Michelle Obama photo

Remarks by the First Lady at a Campaign Event in Centennial, Colorado

June 20, 2012

MRS. OBAMA: Wow! (Applause.) You know, this feels like four more years, right? (Applause.) Thank you so much. I can't tell you how proud and thrilled I am to be here today.

Before I get started, on behalf of myself and my husband, I just want to say that our hearts and our prayers are with all of the families affected by the fires here in this state and in other states out west. (Applause.)


MRS. OBAMA: And I also want to say a special thank-you to the brave firefighters and first responders -- (applause) -- those men and women who are putting themselves in harm's way every day to put flames out to protect our communities. We are so grateful for their heroic service. Let's give them a round of applause. (Applause.)

And it's also wonderful to see how communities here are coming together to support each other as you continue to respond and begin the work of recovery. It's a wonderful example, and I want you all to know that America stands behind you every step of the way. So I just wanted to say that. (Applause.)

I also have to thank Stacy -- and Max -- for that wonderful introduction and for sharing that story. We are so glad that kids like Max can get the care that they need, because that's what we want for all of our kids. And there are a lot of beautiful little faces out here. We're doing this for you, yes. (Laughter and applause.)

And I also got a chance to see Susan Daggett, Maggie Fox -- hey, you guys! Thank you so much for being here, for having our backs, for joining us here today.

And I have to recognize -- although I haven't seen her yet -- your former First Lady and my dear friend, Jennie Ritter, who is here, somewhere out there. (Applause.) And your Deputy Mayor, Cary Kennedy, who is here as well. (Applause.) And I understand that Dana did some firing up out here. I want to thank here and Reverend Riley-Duval for her good words and her prayers. (Applause.) And to Suzy, who also got us fired up and ready to go, right? Did she do good? (Applause.)

But finally, I want to thank all of you, our extraordinary volunteers and organizers. You guys are doing it all, you're out here standing in the heat -- I love that. (Laughter.) Thank you for everything that you do, day in and day out. I cannot say this enough: The work that you do makes this campaign possible. All the work that you're doing -- knocking on those doors, making those phone calls, registering those voters -- I just want you to know that doing what you're doing, giving folks the information they need, as Stacy says, about the issues we care about is critical. And this kind of grassroots work that you all are doing to get people focused and fired up -– that work is the core of this campaign. It means absolutely everything. And that's how we won not just this state but this presidency four years ago, and that's how we're going to do it again today. So, thank you. Thank you. (Applause.)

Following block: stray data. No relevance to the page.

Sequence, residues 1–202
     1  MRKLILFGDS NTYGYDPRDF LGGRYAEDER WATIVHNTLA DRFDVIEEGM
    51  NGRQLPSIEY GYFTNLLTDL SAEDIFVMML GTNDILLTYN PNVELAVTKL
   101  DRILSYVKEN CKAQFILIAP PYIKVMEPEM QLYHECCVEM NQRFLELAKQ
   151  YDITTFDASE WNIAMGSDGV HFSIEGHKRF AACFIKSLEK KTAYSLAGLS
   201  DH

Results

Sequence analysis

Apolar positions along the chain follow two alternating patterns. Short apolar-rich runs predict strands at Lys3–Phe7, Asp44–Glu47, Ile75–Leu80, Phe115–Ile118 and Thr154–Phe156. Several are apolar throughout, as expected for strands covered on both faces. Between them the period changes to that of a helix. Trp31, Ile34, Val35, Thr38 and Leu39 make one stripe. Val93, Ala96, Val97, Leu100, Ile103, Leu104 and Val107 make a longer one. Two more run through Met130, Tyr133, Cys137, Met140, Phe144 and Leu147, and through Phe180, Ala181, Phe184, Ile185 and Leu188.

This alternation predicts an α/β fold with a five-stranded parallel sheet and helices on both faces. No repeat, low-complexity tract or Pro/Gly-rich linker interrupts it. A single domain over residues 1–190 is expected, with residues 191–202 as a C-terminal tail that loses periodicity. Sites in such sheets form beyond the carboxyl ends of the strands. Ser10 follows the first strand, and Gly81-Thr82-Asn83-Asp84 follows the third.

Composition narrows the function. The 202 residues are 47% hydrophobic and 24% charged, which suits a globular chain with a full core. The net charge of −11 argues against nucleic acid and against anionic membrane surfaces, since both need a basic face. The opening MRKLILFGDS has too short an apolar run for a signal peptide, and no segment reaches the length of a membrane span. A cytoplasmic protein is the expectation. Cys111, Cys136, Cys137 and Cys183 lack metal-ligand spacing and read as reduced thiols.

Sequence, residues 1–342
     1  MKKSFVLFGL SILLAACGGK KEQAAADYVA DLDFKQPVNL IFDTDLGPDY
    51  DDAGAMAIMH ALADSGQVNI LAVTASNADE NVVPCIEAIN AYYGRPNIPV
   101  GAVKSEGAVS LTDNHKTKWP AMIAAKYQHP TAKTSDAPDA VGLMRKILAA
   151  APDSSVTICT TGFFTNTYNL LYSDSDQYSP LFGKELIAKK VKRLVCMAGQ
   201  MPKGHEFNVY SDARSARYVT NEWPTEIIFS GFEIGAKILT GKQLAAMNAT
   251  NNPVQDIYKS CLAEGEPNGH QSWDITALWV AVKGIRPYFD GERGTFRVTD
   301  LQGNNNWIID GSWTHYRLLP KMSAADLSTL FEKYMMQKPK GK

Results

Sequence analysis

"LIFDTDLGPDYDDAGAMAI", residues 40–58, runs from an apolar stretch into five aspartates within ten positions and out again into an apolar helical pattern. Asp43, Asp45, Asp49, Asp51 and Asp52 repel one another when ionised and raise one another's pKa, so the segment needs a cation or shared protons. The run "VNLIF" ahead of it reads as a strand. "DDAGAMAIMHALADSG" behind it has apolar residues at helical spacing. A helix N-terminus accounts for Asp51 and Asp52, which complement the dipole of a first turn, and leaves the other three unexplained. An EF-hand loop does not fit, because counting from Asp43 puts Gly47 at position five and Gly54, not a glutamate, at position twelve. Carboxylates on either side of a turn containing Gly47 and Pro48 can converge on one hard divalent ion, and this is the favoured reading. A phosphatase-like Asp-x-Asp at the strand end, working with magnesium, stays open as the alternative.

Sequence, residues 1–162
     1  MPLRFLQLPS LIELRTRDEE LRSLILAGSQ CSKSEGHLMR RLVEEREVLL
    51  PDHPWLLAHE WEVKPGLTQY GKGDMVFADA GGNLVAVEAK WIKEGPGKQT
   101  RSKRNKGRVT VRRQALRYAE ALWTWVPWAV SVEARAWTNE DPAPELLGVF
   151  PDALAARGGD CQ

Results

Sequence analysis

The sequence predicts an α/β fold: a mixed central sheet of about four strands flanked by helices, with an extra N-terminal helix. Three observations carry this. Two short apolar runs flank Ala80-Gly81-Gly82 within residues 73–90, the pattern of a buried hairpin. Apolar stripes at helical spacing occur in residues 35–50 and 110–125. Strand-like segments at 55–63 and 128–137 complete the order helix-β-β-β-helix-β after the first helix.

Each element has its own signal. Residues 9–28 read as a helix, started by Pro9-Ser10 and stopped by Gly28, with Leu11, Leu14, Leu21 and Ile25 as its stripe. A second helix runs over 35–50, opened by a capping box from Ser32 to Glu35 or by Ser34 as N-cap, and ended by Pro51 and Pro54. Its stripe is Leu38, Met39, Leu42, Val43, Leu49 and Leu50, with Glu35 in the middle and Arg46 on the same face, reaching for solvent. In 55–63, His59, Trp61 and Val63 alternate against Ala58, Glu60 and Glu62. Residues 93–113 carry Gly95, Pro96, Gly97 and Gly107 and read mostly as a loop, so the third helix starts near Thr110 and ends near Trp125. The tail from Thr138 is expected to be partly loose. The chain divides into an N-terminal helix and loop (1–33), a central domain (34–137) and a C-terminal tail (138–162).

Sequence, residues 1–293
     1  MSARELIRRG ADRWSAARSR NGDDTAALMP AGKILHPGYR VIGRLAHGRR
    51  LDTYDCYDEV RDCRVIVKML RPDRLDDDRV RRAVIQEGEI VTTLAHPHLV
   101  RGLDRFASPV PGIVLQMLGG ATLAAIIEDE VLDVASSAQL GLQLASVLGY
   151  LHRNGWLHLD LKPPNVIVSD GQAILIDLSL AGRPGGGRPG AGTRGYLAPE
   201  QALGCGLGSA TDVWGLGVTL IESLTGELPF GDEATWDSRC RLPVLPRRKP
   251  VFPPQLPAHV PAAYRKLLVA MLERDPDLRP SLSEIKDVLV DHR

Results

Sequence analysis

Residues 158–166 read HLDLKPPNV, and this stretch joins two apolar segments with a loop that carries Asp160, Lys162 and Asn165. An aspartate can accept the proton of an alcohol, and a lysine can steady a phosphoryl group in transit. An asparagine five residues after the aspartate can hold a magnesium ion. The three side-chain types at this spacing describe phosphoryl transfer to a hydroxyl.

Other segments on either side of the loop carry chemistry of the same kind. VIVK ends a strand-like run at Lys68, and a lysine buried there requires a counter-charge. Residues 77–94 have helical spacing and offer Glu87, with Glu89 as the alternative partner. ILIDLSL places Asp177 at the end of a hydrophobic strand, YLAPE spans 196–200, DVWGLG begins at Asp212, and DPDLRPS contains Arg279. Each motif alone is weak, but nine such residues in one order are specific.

But one thing that I do know is that the work that you're doing is not easy. And I know that you're putting in a lot of long hours. I've seen you in action before. I know that you all have your own busy lives to lead -- you've got your families to raise; you've got school coursework -- I hope many of you are focused; you've got jobs and careers you're trying to build. But I also know that there's a reason why all of us are in this school right now, today.

AUDIENCE MEMBER: Michelle, we love you!

MRS. OBAMA: I love you, too! (Applause.)

And we would not be standing here without you. We are here not just because we all support an extraordinary President -– because our President is awesome. (Applause.) And we're not just here because we want to win an election, which we do, and we will. (Applause.) We're all here because of the values we believe in. Truly, we're doing this because of the vision for this country that we all share.

We're doing this because we want all of our children -- all of them -- to have good schools -- the kind of schools that push them; the kind of schools that inspire them and prepare them for good jobs and wonderful opportunities. (Applause.)

We want our parents and our grandparents to be able to retire with dignity -– (applause) -- because we believe that in America, after a lifetime of hard work, they should be able to enjoy their golden years. (Applause.)

We want to restore that basic middle-class security for our families, because we believe that in America folks shouldn't go bankrupt because someone gets sick. (Applause.) We believe that folks shouldn't lose their home because someone loses a job. (Applause.) We also believe that responsibility should be rewarded, and hard work should pay off. We believe that everyone should do their fair share, but play by the same rules. (Applause.)